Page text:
With Taylor Williams and Dan Altavilla traded and Yoshihisa Hirano having thrown 30 pitches the night before, Servais turned to rookie right-hander Yohan Ramirez, the Mariners’ Rule 5 pick, for the save situation. He had earned a save in his last outing in Anaheim, and he followed it up with save No. 2, despite giving up a solo homer to Shin-Soo Choo.

But the key to this victory and really this run of good baseball from the Mariners was the starting pitching and the defense to back it. Rookie left-hander Justus Sheffield bounced back from a subpar outing by pitching a career-high seven innings, allowing two runs on eight hits with a walk and six strikeouts.

“Shef was dynamite tonight,” Servais said. “For the most part he kept the ball on the ground. They did have some ground balls for singles and balls that got through the infield. But awesome outing by him again.”

Sheffield had eight groundball outs and also took advantage of the aggressiveness of the Rangers hitters, using his change-up more and getting first-pitch strikes on 16 of 28 batters he faced. And strikes on eight of 12 batters with 1-0 counts.

“With them being aggressive, I was able to get some early quick contact and my defense played great behind me all around,” Sheffield said in a postgame video call.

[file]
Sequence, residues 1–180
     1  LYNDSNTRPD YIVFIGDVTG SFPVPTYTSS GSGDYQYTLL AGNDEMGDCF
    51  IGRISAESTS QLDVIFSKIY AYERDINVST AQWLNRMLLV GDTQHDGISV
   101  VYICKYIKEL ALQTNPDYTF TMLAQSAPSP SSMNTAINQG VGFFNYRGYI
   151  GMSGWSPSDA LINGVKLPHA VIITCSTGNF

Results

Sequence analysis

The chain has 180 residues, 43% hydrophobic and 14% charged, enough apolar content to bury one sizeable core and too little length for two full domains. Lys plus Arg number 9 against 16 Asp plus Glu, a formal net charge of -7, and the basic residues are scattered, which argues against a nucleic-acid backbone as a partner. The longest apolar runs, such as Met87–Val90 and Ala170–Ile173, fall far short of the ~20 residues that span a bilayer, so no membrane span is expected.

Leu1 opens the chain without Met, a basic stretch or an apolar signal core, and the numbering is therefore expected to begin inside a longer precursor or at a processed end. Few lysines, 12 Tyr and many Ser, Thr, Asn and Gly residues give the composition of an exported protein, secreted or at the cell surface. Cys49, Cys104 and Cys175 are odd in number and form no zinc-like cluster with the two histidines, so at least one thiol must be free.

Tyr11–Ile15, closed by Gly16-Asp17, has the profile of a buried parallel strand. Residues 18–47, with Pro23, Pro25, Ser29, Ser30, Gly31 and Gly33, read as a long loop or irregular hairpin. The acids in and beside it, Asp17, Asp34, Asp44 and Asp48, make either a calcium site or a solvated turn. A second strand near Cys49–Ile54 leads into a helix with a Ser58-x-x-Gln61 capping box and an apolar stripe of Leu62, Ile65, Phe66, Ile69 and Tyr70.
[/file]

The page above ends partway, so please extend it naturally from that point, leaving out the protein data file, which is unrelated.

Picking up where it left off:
The Mariners gave Sheffield an early lead, scoring two runs off Rangers starter Kyle Gibson — all with two outs — in the third inning


With runners on first and second, Kyle Lewis smacked a line drive to center to score J.P. Crawford for a 1-0 lead. Seager was hit by a pitch to load the bases for France, who worked a seven-pitch walk to force in a run and make it 2-0.

The Rangers got a run back in the top of the fourth. Nick Solak led off with a single, advanced to second on Choo’s one-out bunt single against the shift, stole third and scored on Scott Heineman’s ground out to shortstop.

Sheffield was one out away from exiting with a 2-1 lead and be in line for the win. With two outs in the seventh, he threw a 1-0 sinker into the bat path of Anderson Tejada, the Rangers’ No. 9 hitter. As the line drive solo homer cleared the fence, Sheffield screamed in anger, using a common word of frustration. It was Tejada’s second homer of the season and it tied the game. Obviously irritated with the mistake pitch, Sheffield rechanneled his anger into leadoff hitter Leody Taveras, whom he made look silly on nasty slider in the dirt for a swinging strike three.

“I tried to go heater away and just pulled it in,” Sheffield said. “He put a good swing on it and it went over the fence.”

As he left the mound, having thrown more innings in an MLB game than he has in his career, Sheffield was still bitter about the pitch to Tejada, slamming his left hand on his glove multiple times and muttering that oft-used word.

Even though Sheffield had thrown just 87 pitches after seven innings, Servais went to rookie right-hander Joey Gerber, who gave the Mariners a scoreless eighth inning.

“I definitely wanted to go back out,” Sheffield said. “But Skip came up to me and talked to me and pretty much told me that I threw a hell of a game and we’re going give it to the bullpen and the guys were gonna get a win in the end. I’m just glad that we got the win.”